"The Agency's performance and various measures adopted to manage the temporary increase in certain types of trafficking, in particular that of cereales". I checked COLLINS, the only dictionary where I found a definition of the word trafficking but it seems to corroborate the meaning of illegal activity.
You should avoid the use of "to traffic" in reference to legal commerce.
The use of "to traffic" in reference to legal trading has declined, and is now all but obsolete or regional:
The OED explains:
Traffic (v.) 1.a. intransitive. To engage in trade or commerce, esp. between one country, region, or community and another; to buy and sell, or barter, goods or commodities; to trade. Also occasionally: to travel for the purpose of trade.
Now rare and chiefly historical.
[...] With the increasing dominance in the 20th cent. of the senses relating to illegal or illicit trade [...], this sense and others relating to lawful or acceptable trade generally declined [...]. However, this sense is still current in the Caribbean with reference to legitimate trading between the Caribbean Islands and neighbouring territories in agricultural produce and household goods (see quot. 1990 and cf. trafficker n. 1a).
1773 J. Hawkesworth Acct. Voy. Southern Hemisphere II. i. ix. 93 They trafficked with us for cocoa-nuts and other fruit.
1990 M. Lagro & D. Plotkin Agric. Traders of St. Vincent & Grenadines ii. 11 The number of traders appears to have declined as older traders who had been trafficking for many years have dropped out.
2b. intransitive. With in. To trade in or procure human beings for the purpose of slavery or exploitation; (in later use esp.) to relocate people forcibly or illegally from one country or region to another, typically for coercion into prostitution, forced labour, or other forms of exploitation. Later also transitive with person as object [...].Originally perhaps simply a contextual use of sense 2a, but from the early 20th cent. emerging as a distinct sense.
1817 Trewman's Exeter Flying-post 6 Mar. It is made a felony, subject to 14 years' transportation, for any person to be trafficking in Slaves.
2016 J. A. Reid et al. in J. A. Reid Human Trafficking v. 79 The victim was trafficked by her father and exploited by other men when she was a preadolescent.
c. transitive. To trade or deal illegally or illicitly in (something); (now esp.) to transport (officially controlled or stolen goods or substances) from one country or region to another in the course of illegal trade. Also (and earliest) intransitive, chiefly with in.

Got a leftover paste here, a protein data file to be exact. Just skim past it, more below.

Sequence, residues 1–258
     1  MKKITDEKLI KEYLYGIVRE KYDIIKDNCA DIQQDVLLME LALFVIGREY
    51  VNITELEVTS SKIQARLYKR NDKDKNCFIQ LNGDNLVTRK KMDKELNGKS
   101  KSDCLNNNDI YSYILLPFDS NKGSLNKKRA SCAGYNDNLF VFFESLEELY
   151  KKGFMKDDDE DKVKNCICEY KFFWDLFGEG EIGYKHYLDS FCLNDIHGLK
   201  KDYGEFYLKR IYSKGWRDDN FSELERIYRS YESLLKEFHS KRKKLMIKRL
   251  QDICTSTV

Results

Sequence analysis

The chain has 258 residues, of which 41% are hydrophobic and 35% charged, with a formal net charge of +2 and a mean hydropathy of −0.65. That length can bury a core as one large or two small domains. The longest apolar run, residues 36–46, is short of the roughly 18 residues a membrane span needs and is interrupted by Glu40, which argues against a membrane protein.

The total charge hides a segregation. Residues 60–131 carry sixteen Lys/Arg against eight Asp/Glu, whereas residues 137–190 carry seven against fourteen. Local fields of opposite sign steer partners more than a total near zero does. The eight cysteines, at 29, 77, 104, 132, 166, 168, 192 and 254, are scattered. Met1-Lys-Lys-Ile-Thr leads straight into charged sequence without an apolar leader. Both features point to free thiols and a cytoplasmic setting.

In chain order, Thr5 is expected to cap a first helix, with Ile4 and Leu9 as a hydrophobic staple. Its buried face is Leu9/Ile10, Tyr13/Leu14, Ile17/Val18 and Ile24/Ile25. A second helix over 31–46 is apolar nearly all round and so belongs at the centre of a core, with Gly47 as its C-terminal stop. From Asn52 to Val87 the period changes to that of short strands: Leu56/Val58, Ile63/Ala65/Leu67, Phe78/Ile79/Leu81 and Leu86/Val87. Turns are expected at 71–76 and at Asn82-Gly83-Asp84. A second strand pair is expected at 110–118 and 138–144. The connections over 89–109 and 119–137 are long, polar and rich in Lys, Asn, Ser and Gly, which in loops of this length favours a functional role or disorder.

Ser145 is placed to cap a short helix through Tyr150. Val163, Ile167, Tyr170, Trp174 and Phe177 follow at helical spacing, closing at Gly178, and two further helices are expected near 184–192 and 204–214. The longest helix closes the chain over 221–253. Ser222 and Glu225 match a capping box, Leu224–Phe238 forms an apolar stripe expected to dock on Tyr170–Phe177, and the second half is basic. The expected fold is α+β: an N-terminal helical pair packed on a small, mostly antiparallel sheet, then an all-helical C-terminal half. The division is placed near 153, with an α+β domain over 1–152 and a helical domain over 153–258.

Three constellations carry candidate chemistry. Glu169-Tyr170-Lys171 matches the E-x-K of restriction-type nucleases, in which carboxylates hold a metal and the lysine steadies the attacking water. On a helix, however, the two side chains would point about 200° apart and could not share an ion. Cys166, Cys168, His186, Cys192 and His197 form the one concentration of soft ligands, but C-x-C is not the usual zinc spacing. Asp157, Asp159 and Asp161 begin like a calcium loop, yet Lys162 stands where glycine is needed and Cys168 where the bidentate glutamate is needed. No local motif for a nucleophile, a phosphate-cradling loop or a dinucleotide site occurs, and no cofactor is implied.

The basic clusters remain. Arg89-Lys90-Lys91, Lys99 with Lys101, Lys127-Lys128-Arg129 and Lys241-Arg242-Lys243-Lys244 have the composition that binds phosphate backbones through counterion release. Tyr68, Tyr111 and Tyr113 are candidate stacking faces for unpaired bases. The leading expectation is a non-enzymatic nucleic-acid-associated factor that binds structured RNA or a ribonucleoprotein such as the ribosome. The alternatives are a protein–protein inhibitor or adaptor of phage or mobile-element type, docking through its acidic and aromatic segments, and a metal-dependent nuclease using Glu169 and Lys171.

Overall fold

Apparently originally used with reference to illicit trading within prisons, and gaining currency in the second half of the 20th cent.**
1896 Islander (Friday Harbor, Washington) 21 May He has made open charges to the board of directors, that employes of the prison are trafficking in the drug.
2013 Small Arms Surv.: Everyday Dangers iv. 93 Western Balkans, the Russian Federation, and Eastern Europe are key sources of firearms trafficked into the EU.
I mostly agree with the answer provided by Greybeard; however, I believe the OED either is incorrect or misleading in the following sense (regarding the definition at 1.a.):
Traffick implies the transportation of a substance from one place to another (viz.: a person can traffick in soil, but cannot traffick in land).
This remains true even when relocated soil is used to "create land," as it is not actually land (which is defined by geospatial position) that is being created, but a firmament is being constructed where the "land" previously consisted in either air or water covering an underlying body of (dirt, rock, sand, etc).
Thus one can traffick in portable buildings (commonly: "a building intended to be transported via road") but — excepting sci-fi or supernatural ability — not in skyscrapers or stadiums.
These observations (supra) are consistent with the examples given in the citation.
Reclaiming words is a vital part of the author's role in protecting the transmission of intelligence across generations: obsessive expansion in some areas, contraction in other areas, and reimagination of words and their meanings ultimately renders written works unintelligible.
This is not to argue for a rigid list of words and corresponding definitions; however, it is to argue both for the preservation of words (even those not "politically correct") and historic meanings, and for the careful and non-frivolous modification of our language.